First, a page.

While regional and global summits do not directly create jobs, they give South Africa a platform to promote investment opportunities, says President Cyril Ramaphosa.
He said this when he responded to oral questions at the National Assembly on Thursday.
“While these international summits do not directly create jobs, they can contribute to an improved environment for investment, trade and cooperation. They provide a platform for the South African government and business to promote the investment opportunities in the country, to explore new markets and to forge strategic partnerships.”
Since May, the President has attended several regional and global summits to advance the country’s foreign policy and economic interests.
These include the recent G20 Summit in Japan; the African Union Extraordinary Summit in Niger; the SADC Summit in Tanzania; the Tokyo International Conference on Africa’s Development in Japan and the Russia-Africa Summit in Sochi, Russia.
For example leaders reaffirmed their support for the necessary reform of the World Trade Organisation (WTO) at the G20 Summit held in June.
“They agreed that action is necessary regarding the functioning of the dispute settlement system consistent with the rules as negotiated by WTO members,” said President Ramaphosa.
In addition South Africa also participated in the Japan-South Africa business roundtable with business people from each country on the sidelines of the G20 Summit.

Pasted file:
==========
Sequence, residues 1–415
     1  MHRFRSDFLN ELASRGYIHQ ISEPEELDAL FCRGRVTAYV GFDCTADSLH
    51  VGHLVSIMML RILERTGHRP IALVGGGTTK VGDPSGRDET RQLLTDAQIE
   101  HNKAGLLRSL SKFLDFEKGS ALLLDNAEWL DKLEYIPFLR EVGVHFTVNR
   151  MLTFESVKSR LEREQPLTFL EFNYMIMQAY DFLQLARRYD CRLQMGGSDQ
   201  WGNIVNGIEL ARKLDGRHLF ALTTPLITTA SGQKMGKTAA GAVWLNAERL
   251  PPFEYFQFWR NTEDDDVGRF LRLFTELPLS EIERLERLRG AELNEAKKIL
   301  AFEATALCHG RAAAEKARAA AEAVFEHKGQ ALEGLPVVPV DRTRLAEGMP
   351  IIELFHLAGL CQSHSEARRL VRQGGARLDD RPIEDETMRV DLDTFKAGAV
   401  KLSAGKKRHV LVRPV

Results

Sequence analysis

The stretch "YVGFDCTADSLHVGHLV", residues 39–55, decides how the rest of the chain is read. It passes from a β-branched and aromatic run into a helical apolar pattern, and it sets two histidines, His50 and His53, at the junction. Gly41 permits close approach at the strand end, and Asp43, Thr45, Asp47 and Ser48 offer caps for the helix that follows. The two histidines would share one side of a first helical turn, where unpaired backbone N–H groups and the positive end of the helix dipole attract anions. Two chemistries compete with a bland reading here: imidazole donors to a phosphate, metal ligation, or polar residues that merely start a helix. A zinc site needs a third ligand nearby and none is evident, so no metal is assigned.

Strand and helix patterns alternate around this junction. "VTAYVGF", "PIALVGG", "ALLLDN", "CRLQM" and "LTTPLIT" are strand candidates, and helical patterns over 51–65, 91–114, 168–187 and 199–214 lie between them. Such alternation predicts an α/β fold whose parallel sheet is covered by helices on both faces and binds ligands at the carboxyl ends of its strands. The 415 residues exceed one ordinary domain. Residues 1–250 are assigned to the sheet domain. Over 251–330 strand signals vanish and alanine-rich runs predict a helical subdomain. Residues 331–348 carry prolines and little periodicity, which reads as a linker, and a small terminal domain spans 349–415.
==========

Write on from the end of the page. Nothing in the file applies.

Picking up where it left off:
Among others things the roundtable generated leads for possible investment projects in sectors such as minerals processing, automotives, and battery production.
“Through this engagement, we were able to strengthen relationships with the Japanese business community. This is important as Japan is South Africa’s fifth largest trading partner and one of the largest sources of foreign direct investment into South Africa.”
He said the African Union (AU) Summit in Niger in July launched the operational phase of the African Continental Free Trade Area (AfCFTA).
The Summit directed that the outstanding work on tariff schedules, rules of origin and commitments on trade in services be submitted to their next Session in February 2020 for adoption.
“The decisions of the Summit are significant for the South African economy since the African Continental Free Trade Area promises great opportunities for trade with other countries on the continent, broadening our manufacturing based and boosting employment.”
The President said the Tokyo International Conference on Africa’s Development – or TICAD – which was held in Japan in August, resulted in a commitment from Japan to contribute to economic transformation in Africa and improve the business environment through innovation and private sector engagement.
“The Government of Japan undertook to bolster diversification and industrialisation, support Japanese investment in Africa, and offer support to the development of regional agricultural capability.”
He said that the first Russia-Africa Summit, which was held in Sochi last week, focused on forging economic ties between Russia and African countries, developing joint projects, and collaborating in the humanitarian and social sectors. “In addition to the discussion between government leaders, there were also productive engagements between Russian and South African businesses, which discussed cooperation in areas such as mining, information and communications technology and oil extraction,” said the President.